Mutare region hit by cyclone; report from Dr. David Mucharewese

Cyclone 1Cyclone 2

Good morning. Thank you. The areas which are greatly affected are chimanimani and Chipinge which are districts to the south east of Mutare. we have many families which are affected many have been left homeless and school children have also been affected and this includes one of the Catholic school St Charles Lwanga. The patients who are been seen presently are attended to at the makeshift centres In Skyline and Birchnough bridge. these are close to the site where the cyclone affected the most. Several patients have been attended to and these mainly required surgery for fractures and septic wounds. One mother was also evacuated as she was in labour with 2 previous C/section. Most patients have been send to the provincial hospital in Mutare but our hosp have been put on standby for possible transfer of stable patients from the Provincial hospital. I shall forward a report we received from one of the Drs who went into the field yesterday I apologize for not communicating at all since yesterday. It is because my mobile phone keypad became unusable as we travelled to Chipinge.

Now, that said, I managed to join a PMD team that travelled to the Skyline. I must thank Dr Mkuzunga for making this possible.

The team comprised of the DEHO, PNO, Nutritionist, accountant, a Partner Rep and the Driver.

We had to drive through to Skyline via Chipinge because the more direct route through Mutambara is not now accessible by road.

about 8 km from Chiredzi turn off there is a detour where we were stopped briefly as the new gravel road was being fixed.

The effects of the cyclone became more and more evident as we approached Jopa area (the chimanimani turn off) as one could see rockfall paths created in the mountain slopes and rubble created by the floods along the road we drove through. The road link to Skyline from Jopa is replete with land slides and rockfalls but thankfully some graders are in place to clear the rubble.

One are in the mountains deserves special mention. A large gully was created and has menacingly approached the road . Some very polite security details are stationed there to direct traffic and one shudders to think what will happen if more rains were to fall in this area. Only light vehicles are being allowed beyond this and I should say only those with adequate clearance (and I think only 4x4s) can navigate through. This is because some knee high mud was created by some land slide there.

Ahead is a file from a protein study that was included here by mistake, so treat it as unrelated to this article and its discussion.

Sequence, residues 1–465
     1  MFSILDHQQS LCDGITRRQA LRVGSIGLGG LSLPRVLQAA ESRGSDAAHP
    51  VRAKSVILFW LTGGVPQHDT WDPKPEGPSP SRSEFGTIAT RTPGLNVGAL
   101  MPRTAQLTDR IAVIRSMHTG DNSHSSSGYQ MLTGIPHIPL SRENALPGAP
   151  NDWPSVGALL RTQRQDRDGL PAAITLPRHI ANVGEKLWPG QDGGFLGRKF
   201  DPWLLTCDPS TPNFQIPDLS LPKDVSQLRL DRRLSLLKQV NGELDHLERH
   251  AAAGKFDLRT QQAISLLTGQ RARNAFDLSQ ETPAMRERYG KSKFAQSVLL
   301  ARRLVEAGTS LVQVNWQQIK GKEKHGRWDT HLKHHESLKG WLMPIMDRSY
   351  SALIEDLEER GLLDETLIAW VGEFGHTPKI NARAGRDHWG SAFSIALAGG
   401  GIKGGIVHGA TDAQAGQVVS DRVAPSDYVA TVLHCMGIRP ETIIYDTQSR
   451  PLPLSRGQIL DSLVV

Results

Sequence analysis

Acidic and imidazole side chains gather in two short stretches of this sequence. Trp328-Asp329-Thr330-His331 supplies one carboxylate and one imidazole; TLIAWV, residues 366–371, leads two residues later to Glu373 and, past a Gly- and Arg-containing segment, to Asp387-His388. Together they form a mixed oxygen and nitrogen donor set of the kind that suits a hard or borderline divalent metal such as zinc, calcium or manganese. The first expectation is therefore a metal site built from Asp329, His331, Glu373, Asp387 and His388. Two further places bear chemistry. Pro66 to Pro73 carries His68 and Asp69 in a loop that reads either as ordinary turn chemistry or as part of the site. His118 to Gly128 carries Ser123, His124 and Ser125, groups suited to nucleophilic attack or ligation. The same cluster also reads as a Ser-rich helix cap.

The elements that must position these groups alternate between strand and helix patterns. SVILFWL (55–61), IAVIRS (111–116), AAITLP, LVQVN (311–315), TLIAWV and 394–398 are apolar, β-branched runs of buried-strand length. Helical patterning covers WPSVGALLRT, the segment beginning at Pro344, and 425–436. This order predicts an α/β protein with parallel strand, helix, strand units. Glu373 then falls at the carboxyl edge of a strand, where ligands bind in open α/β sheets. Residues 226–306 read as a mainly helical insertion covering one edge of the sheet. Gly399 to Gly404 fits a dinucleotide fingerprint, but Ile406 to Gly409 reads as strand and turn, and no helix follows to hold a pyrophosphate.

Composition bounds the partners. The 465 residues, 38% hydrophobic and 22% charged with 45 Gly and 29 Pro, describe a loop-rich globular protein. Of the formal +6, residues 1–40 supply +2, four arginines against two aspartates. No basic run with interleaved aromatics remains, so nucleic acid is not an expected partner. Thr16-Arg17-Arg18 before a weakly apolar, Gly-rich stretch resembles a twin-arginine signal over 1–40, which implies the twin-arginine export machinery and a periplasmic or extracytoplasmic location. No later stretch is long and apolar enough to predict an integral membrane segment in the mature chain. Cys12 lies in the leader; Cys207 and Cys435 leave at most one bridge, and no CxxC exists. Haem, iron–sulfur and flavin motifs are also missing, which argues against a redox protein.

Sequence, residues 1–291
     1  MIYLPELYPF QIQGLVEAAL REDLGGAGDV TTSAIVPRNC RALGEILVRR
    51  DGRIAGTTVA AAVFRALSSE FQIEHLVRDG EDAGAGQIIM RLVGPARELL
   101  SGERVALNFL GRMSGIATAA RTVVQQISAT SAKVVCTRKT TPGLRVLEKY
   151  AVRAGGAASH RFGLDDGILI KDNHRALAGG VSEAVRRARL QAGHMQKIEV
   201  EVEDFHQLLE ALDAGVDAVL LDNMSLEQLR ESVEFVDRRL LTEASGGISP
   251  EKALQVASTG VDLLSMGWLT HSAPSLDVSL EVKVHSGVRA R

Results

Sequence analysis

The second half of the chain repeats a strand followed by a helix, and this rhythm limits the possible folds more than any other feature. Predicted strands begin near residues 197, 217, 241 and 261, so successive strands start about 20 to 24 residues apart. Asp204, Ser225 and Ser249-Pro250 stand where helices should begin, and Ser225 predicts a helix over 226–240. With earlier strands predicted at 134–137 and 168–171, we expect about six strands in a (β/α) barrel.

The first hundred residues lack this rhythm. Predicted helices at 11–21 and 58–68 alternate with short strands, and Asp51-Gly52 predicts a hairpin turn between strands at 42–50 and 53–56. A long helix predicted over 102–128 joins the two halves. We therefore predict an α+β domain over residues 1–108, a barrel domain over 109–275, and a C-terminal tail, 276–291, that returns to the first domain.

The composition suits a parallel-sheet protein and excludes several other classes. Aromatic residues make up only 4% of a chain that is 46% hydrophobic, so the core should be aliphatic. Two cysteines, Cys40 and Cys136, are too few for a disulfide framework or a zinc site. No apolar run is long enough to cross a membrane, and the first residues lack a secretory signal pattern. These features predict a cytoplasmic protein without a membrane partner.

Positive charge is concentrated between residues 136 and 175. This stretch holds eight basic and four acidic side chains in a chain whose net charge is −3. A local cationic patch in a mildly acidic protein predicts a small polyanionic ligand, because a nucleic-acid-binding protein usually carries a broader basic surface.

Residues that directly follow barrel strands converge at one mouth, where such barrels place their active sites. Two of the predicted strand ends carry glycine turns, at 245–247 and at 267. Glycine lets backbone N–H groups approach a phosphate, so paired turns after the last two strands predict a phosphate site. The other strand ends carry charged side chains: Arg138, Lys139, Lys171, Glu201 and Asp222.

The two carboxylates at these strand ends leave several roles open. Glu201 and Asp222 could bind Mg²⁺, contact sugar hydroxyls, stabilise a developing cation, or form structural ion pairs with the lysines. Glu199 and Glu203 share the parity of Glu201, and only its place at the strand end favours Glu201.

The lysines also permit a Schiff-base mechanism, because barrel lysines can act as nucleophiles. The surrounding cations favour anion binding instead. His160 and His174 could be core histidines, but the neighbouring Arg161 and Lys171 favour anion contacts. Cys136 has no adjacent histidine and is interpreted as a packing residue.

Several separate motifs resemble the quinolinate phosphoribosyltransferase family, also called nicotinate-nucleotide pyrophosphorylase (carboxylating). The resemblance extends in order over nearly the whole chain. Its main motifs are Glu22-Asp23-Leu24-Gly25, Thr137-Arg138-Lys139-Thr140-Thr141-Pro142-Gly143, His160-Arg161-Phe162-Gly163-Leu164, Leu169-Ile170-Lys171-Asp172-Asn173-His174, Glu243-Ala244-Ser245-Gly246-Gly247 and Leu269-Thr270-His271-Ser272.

We got to the camp at about 1430

Some tents had already been pitched and that place was buzzing with anxious human faces ( locals, newsmen, cameramen, medical and other relief staff) We noted helicopters had already started flying in the camp the injured from the Chimanimani valley. Ground ambulances were ferrying in patients to Chipinge Hospital. We were told at a briefing that the severely injured were the first to be evacuated and as such all subsequent heli trips flew in more stable patients; mainly those with broken limbs and some with bad soft tissue injuries.

The Chipinge district CPU is overall in charge and our point person was the DMO.

A further briefing for clinical staff highlighted the following:

A group of young doctors mainly from Harare were the first health related team to get to the camp earlier in the day

5 were airlifted to areas in the valley where patients had been housed in churches and or schools.

3 doctors remained at the camp to receive , triage, stabilise and put patients on ambulances to Chipinge Hospital.

MSF also had a very visible functional team that appeared very well versed with dealing with a situation of this kind and magnitude.

As time went by doctors from various organizations started to arrive too, notably Red Creasant Zimbabwe, Who, UN agencies, PSMAS, Emras etc.

The plan by end of day by the health team was to establish a functional emergency treatment centre, with water, sanitation and hygiene as priority items. Food and medical supplies needed to be procured and put in place as well.

No supplies quantification was possible yet as most planning was being done as rescue and attention to the injured was on going.

It was encouraged that clinical personnel not be discouraged from joining the team there but that they be organised into a roster system to avoid burn out on those already on the ground. All specialties were encouraged to be there at the receiving camp while others were advised to direct their interventions at the referral hospitals that were taking in patients from the camp.

Just to mention that a mother with 2 previous C/s in labour had to be airlifted to Chipinge as well in the day. Am ambulance was waiting for a mother that was reported to be bleeding post abortion. Local community patients also presented with various ailments after learning there was medical personnel on the ground.

3 doctors stayed at the camp overnight. The situation was expected to remain quiet given that helicopters were not going to be working overnight.

One needs to carry toiletries, drinking water, food, beverages, powerbank, raincoat, torch a sleeping bag among other personal effects.

So the situation as at 6 o’clock last night remained dire as the road to Ngangu and Chimanimani hotel is completely impassable and unconfirmed verbal reports mentioned worse things could be brewing in the Rusitu valley.

We got back to Mutare at any 2200hs.